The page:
US-China conflict avoidable, insists expert

As China has become a major player in the world, the assumption of an unavoidable collision between Washington and Beijing has prevailed.

THE United States and China are not predestined to clash, a renowned historian at Yale University has said.

As Washington increasingly ramps up policies aimed against Beijing, Paul Kennedy, the author of the 1987 epic book “The Rise and Fall of the Great Powers,” highlighted the value of patience and mutual understanding for more productive bilateral ties.

“Can we avoid the Thucydides trap?” asked Kennedy, a 72-year-old Yale professor, in a recent interview with Xinhua.

The Thucydides trap, a catchphrase coined by Harvard professor Graham Allison, refers to the notion that when a rising power challenges an established one, conflict may ensue.

As China has become a major player in the world, the assumption of an unavoidable collision between Washington and Beijing has prevailed.

No single magic wand

However, for Kennedy, an Oxford-trained Briton, the big clash is not inevitable, and recognizing the trap is the first and a significant step in avoiding conflict.

“If you have leadership on both sides which recognizes that the single most important issue in big world power affairs is to avoid a serious China-America confrontation, then yes, we avoid it,” the professor said.

“At least one side has understood the Allison thesis (the Thucydides trap),” Kennedy added, referring to a speech made by Chinese President Xi Jinping about three years ago.

During a 2015 trip to Washington, Xi said that China and the United States should keep their relations from falling into the trap.

Xi also noted that the two sides should expand cooperation and manage and control their differences to benefit people of the two countries and the world at large.

The Yale scholar, however, cautioned that it is really difficult, “politically, emotionally, instinctively,” to get the relations between the great powers right.

In fact, US President Donald Trump’s administration, under the “America First” slogan, has already rolled out adversary plans and laws in the past months against China, ranging from the widely-criticized China tariffs, to the signing of the denounced “Taiwan Travel Act,” and the warship provocation in the South China Sea.

The tariffs are counterproductive to the American economy, and the simplistic win-lose view will be derided “by every economist we know,” said Kennedy.

“Let’s have this policy of patience and mutual understanding,” the historian suggested.

Considering how “vast and complicated” the US-China relationship is, Kennedy said there is “no single significant magic wand” that can suddenly transform bilateral ties.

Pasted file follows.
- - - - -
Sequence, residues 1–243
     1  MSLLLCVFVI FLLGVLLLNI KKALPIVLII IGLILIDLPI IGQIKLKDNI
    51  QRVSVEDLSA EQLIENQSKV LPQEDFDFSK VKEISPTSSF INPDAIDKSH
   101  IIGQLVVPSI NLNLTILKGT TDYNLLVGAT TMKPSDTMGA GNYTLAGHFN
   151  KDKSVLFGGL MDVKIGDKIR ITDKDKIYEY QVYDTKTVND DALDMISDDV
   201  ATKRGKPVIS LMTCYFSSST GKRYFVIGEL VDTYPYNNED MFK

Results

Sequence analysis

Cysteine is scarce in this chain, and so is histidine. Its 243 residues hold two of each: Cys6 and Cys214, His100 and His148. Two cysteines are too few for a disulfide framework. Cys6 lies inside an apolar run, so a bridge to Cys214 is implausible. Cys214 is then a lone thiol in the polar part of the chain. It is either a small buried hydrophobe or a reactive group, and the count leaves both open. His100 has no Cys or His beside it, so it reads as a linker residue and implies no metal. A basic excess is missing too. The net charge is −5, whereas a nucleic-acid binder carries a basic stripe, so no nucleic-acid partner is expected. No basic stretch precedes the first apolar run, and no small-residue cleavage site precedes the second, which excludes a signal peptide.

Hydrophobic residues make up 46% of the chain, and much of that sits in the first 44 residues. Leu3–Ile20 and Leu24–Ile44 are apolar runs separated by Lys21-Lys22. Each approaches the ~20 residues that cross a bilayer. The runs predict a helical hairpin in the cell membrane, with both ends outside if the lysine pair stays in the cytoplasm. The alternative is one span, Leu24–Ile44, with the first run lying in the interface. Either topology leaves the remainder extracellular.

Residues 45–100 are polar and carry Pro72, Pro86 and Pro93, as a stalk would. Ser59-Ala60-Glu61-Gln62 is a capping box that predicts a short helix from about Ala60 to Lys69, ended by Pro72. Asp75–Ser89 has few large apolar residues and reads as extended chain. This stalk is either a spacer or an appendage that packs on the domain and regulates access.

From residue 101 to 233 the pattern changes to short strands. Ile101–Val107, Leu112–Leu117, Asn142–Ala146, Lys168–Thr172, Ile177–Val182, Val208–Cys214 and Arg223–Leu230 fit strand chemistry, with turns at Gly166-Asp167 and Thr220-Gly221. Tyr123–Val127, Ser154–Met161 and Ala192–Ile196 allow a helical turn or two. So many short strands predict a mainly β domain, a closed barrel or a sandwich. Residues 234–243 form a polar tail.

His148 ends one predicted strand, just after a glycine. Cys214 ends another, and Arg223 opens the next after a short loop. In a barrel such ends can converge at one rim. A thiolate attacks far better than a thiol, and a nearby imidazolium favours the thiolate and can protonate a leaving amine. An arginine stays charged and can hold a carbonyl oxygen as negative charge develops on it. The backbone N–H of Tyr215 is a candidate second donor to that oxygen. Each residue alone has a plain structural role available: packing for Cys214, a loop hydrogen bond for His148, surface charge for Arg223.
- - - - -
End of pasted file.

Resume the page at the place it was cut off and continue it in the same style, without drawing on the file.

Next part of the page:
If the overall world cake is bigger, then “there is less prospect of a structural clash,” the professor added.

Referring to the latest advocation of the China threat in the West, Kennedy said that it could be a “too colorful” portrayal which failed to understand China’s worries and weaknesses.

“We can produce all sorts of data which shows that China is 50-foot high and we could produce a lot more data which shows that China is four-foot high,” he said. “So be careful which facts are being offered.”

“All of the threat from China could be too exaggerated,” Kennedy added.

Living in damaging times

Meanwhile, the professor also pointed out that, as China has been steadily taking a larger share of global production in the past 30 years, it’s natural that the Americans would be concerned about China’s rise and their country’s relative decline.

The professor noted that a lack of mutual understanding could lead to mistrust.

“If one thing that China has a problem understanding the current United States, then I would say in fairness, Americans, including clever Americans, have a problem understanding and trying to really measure the size of the American competitiveness challenge,” Kennedy said.

In the final chapter of his book in 1987, Kennedy predicted a possible relative shrinking of the United States’ power in the world affairs, seeing it as a challenge for the US leadership to manage “cleverly this relative decline.”

Commenting on the current “chaotic and turbulent and confusing policies” coming out of the Trump administration, Kennedy said that it is a case of “profound mismanagement and failure to understand the world as it is.”

“We live in damaging times,” he claimed.

Kennedy also noted that so far Trump’s presidency with policies out of “instinct” and “emotion” has “probably not yet” permanently damaged the relative US position in the world.

“If there are further rash and counter-productive decisions by the White House, then it could so inflict damage on America’s competitiveness, internal social fabric on cohesion, that it would weaken the country’s position,” said Kennedy.

“It would make it more difficult for Mr Trump’s successor, when it comes ... to repair(ing) the damage,” the scholar added.

Kennedy further pointed out that in the future, the United States may lose its No. 1 title without losing a great power stage, as “it’s too strong and too resilient.”

Thirty-one years on, Kennedy said he still believes that the economic foundation of a great power determines and influences its relative position, the key argument in his 1987 book.

“There is nothing in the larger argument, in my humble view, which needs changing,” the professor said.

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